Second, your copy will be more personable and conversational. When you have a persona in mind, it makes it easier to write good copy. You have an idea that you're speaking to a real person, which will show in the end result.
When you’re writing for a B2B audience, remember you’re writing to really skilled, knowledgeable people. Business owners who already know at least some copywriting basics, and most likely a lot about marketing and their industry.
So if you were trying to write some quick, surface-level copy, don’t. Your audience is looking for solutions to specific problems. You know, problems relating to your industry.
That’s why it’s so important to focus on addressing those pain points with your product or service. Tap into the concerns and feelings they might be experiencing.
Don’t forget to provide specific details about your products or services while you’re at it, since the whole point is to tie that into their specific pain points. This helps you establish credibility and provide value to your audience.
To reassure your audience that you're a professional who knows the market, conduct thorough research on your audience and competitors.
Reach out to customers, hang out in online groups or attend events, and take notes on what they do well or don't. Subscribe to competitor newsletters, read their blogs, and follow their social media to understand what sets you apart.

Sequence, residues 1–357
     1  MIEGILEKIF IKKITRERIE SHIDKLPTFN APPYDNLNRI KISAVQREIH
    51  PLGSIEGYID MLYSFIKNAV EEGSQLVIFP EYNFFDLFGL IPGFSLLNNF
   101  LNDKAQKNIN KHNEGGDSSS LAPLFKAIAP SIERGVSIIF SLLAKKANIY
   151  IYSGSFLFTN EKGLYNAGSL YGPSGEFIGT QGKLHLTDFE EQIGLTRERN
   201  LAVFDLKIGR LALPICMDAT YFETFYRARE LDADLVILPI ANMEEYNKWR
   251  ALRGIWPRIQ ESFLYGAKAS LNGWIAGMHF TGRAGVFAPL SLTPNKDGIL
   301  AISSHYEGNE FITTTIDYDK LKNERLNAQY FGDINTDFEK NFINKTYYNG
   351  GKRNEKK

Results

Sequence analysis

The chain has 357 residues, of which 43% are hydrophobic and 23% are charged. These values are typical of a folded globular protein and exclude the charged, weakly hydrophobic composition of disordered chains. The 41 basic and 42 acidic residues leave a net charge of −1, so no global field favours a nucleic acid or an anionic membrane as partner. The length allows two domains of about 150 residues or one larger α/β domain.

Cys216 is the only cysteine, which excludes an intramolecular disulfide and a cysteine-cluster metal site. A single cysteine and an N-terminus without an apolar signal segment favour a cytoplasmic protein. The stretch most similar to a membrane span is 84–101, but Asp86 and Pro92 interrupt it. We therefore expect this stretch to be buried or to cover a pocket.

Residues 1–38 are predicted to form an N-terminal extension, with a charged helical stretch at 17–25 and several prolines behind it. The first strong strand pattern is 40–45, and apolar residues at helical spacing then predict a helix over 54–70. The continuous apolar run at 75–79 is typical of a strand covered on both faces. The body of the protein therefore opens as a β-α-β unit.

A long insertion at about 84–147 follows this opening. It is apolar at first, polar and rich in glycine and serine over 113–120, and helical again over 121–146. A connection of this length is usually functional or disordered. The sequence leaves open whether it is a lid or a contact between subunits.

To further build your knowledge, learn as much as possible about the product and industry. Even if you don't use every piece of knowledge or jargon right away, having a deep understanding of your field means you can confidently handle objections and back up your expertise.
With well-researched copy, you'll establish yourself as an intelligent professional who brings value to customers, leading to more conversions.
Not trying to point any fingers, but generally speaking, new B2B writers often make the mistake of overemphasizing branding. You know, crafting really exagerated copy that repeats certain words, or injects too much slang.
This kind of thing seems halfway decent on paper, like too much icing on a cake (okay, bad analogy, since that’s never a bad thing, but you get the idea). Yet, it’s enough to make your copy sound spammy, scammy, and amateur.
Over-branding can hurt the copy's performance, especially if the brand name is not yet a household name.
For instance, businesses like Apple or Starbucks can rely on their brand names because they have built strong brand recognition. That’s why they don’t really emhasize lengthy trust-building copy in their ad campaigns - they already have public trust.
However, over-reliance on branding will create confusion, not desire, for most businesses. Therefore, balancing branding and informative content is crucial to make the copy engaging and effective.
For B2B copywriting to be effective, writers should focus on understanding what their readers want and create a balance between a clear call-to-action and engaging content. Too much emphasis on branding can make the copy sound like spam, but building an emotional connection with the audience can help.
It's also important to keep the product offering simple to avoid over-branding that might leave customers feeling lost. When writers prioritize the readers' needs over branding, they create a connection that can lead to more conversions.
Unsurprisingly, boring and uninspired copy doesn’t do much. It just kind of gets rolled out with a whisper and sits there. Churning out low-quality content hurts your brand and frustrates your customers.